The demolition came as row between the church and government escalated over allegations the church refused to pay a £450 arbitrary road usage fee.

Pastor Zhang Di was summoned for questioning last month and accused of assaulting police officers and attacking a village official.

Church leaders are urging the government to release the pastor and churchgoers. They are also calling for police linked to the investigation to be punished.

The Chinese Communist Party has launched a major crackdown on in recent months in an attempt to oppress religious freedom and exercise control.

Churches not sanctioned by the government have been put under surveillance with hundreds of Christians arrested for disturbing public order for offences such as holding bible study groups and displaying crucifixes outside their homes.

There have been reports of Christians being banned from praying, singing hymns, crosses removed from buildings and people arrested for attending church services.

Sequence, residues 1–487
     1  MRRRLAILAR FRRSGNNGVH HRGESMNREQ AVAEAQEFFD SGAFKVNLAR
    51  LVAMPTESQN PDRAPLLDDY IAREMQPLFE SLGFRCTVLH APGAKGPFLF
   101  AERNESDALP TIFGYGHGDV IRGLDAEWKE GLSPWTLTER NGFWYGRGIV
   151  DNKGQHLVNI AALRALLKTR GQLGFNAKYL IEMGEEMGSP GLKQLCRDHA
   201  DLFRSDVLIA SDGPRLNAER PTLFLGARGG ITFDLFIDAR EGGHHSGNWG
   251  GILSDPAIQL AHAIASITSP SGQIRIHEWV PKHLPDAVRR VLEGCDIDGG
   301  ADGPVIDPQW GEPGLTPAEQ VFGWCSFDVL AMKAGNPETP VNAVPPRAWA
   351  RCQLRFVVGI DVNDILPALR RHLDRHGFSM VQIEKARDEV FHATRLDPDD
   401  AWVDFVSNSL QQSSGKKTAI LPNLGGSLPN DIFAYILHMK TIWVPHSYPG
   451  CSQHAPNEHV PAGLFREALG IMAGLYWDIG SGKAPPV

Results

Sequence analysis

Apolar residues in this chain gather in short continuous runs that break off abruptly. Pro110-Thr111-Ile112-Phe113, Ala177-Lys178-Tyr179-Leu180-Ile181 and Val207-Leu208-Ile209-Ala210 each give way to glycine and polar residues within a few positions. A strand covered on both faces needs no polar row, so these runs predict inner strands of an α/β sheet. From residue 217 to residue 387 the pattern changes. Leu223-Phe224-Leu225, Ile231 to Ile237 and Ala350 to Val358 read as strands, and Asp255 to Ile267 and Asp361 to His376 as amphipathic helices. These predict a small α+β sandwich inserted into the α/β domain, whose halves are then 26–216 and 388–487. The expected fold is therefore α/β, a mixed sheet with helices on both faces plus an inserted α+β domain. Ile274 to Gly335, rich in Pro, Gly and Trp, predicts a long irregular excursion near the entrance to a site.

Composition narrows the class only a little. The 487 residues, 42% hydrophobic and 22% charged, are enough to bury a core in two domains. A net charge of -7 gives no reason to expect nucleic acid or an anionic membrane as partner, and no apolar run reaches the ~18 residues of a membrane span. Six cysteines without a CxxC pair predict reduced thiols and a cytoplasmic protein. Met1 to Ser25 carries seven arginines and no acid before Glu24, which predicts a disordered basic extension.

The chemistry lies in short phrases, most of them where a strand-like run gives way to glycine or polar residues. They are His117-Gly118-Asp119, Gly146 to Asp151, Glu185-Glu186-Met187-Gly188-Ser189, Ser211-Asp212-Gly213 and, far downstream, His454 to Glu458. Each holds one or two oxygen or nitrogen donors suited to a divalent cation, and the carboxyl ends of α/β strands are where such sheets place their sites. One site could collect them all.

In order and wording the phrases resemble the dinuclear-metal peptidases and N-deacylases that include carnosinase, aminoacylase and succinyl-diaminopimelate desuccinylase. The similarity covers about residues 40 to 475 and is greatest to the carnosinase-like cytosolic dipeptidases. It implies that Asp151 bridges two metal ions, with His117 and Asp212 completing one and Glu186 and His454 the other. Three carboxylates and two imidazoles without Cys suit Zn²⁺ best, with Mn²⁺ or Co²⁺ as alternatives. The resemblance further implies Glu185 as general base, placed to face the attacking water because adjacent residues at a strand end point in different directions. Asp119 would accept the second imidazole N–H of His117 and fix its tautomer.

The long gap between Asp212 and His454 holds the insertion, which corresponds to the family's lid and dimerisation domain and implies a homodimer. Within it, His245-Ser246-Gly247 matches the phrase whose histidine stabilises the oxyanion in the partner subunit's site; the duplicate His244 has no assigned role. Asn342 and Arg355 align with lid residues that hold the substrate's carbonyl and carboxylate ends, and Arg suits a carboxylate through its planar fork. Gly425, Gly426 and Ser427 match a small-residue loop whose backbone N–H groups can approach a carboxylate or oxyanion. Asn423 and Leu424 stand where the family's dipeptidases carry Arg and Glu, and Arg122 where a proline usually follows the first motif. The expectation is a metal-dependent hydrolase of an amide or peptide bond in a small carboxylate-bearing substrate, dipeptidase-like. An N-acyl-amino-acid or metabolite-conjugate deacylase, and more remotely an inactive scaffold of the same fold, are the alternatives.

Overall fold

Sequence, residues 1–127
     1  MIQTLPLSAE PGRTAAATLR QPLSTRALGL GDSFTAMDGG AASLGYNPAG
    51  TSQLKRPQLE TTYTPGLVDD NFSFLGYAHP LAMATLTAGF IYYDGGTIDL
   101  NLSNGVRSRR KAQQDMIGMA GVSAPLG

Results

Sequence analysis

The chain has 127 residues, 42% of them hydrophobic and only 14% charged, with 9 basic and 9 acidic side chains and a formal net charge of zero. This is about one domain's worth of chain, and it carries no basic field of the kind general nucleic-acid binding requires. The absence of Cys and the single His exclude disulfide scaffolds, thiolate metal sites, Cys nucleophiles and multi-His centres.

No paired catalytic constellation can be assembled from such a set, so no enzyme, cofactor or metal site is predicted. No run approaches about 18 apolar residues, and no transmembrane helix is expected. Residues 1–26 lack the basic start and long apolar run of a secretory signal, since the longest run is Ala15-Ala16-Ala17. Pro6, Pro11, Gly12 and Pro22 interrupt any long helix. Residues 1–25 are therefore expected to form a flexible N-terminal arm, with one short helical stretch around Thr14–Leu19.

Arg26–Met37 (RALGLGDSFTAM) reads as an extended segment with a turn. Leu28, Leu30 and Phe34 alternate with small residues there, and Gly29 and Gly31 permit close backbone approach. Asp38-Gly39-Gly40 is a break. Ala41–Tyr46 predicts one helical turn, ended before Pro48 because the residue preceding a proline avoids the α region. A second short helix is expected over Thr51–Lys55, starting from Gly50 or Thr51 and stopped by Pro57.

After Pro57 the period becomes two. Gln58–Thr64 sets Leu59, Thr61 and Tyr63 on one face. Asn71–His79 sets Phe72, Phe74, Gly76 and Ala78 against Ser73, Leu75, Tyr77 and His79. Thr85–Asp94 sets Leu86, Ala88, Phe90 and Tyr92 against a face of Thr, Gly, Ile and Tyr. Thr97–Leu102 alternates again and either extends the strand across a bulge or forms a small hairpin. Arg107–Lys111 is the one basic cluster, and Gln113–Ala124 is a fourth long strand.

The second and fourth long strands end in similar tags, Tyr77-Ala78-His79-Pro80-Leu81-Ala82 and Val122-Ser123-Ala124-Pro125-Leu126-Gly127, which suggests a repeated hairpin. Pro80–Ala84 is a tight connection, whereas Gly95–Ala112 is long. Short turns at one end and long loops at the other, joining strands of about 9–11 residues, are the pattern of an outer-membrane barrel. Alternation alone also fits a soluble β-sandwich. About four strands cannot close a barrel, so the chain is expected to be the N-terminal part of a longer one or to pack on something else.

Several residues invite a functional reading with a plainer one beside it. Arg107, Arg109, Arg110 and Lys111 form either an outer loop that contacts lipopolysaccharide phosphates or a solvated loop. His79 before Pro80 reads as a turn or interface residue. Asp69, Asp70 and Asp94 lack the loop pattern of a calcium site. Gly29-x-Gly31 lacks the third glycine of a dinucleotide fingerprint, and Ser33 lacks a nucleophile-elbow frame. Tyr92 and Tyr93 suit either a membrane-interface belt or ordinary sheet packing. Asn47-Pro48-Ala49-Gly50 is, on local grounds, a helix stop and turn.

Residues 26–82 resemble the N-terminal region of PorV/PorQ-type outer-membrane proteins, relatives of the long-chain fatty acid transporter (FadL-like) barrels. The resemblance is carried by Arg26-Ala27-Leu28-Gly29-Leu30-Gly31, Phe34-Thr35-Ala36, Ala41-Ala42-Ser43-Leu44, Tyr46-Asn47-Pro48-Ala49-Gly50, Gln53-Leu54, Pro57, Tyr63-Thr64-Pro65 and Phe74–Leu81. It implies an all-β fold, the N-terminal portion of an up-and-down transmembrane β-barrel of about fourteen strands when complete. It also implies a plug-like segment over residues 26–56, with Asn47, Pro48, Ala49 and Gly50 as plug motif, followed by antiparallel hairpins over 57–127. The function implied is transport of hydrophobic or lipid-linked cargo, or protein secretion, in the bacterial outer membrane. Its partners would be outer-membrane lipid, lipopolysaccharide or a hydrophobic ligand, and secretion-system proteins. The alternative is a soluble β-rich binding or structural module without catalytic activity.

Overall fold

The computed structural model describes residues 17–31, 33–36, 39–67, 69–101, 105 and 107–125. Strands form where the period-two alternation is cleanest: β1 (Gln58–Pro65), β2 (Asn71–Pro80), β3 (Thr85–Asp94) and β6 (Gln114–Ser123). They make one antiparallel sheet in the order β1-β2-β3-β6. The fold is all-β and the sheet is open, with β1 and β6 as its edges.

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From MSN:

TANTA, Egypt—Like the Jews before them, Christians are fleeing the Middle East, emptying what was once one of the world’s most-diverse regions of its ancient religions.

They’re being driven away not only by Islamic State, but by governments the U.S. counts as allies in the fight against extremism.

When suicide bomb attacks ripped through two separate Palm Sunday services in Egypt last month, parishioners responded with rage at Islamic State, which claimed the blasts, and at Egyptian state security.